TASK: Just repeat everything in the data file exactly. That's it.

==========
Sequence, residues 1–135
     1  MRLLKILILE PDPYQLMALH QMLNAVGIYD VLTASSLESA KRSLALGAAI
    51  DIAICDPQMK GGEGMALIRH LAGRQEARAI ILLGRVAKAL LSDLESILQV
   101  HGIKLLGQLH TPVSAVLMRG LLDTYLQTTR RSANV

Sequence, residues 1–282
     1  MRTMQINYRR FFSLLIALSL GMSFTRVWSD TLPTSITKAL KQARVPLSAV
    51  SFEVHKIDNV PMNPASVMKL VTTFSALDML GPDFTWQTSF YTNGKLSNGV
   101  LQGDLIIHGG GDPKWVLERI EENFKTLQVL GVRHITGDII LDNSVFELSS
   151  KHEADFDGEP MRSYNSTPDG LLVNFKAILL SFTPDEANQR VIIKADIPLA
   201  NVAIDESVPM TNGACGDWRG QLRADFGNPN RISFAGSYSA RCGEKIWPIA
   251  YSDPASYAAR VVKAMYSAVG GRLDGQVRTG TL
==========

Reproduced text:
Sequence, residues 1–135
     1  MRLLKILILE PDPYQLMALH QMLNAVGIYD VLTASSLESA KRSLALGAAI
    51  DIAICDPQMK GGEGMALIRH LAGRQEARAI ILLGRVAKAL LSDLESILQV
   101  HGIKLLGQLH TPVSAVLMRG LLDTYLQTTR RSANV

Sequence, residues 1–282
     1  MRTMQINYRR FFSLLIALSL GMSFTRVWSD TLPTSITKAL KQARVPLSAV
    51  SFEVHKIDNV PMNPASVMKL VTTFSALDML GPDFTWQTSF YTNGKLSNGV
   101  LQGDLIIHGG GDPKWVLERI EENFKTLQVL GVRHITGDII LDNSVFELSS
   151  KHEADFDGEP MRSYNSTPDG LLVNFKAILL SFTPDEANQR VIIKADIPLA
   201  NVAIDESVPM TNGACGDWRG QLRADFGNPN RISFAGSYSA RCGEKIWPIA
   251  YSDPASYAAR VVKAMYSAVG GRLDGQVRTG TL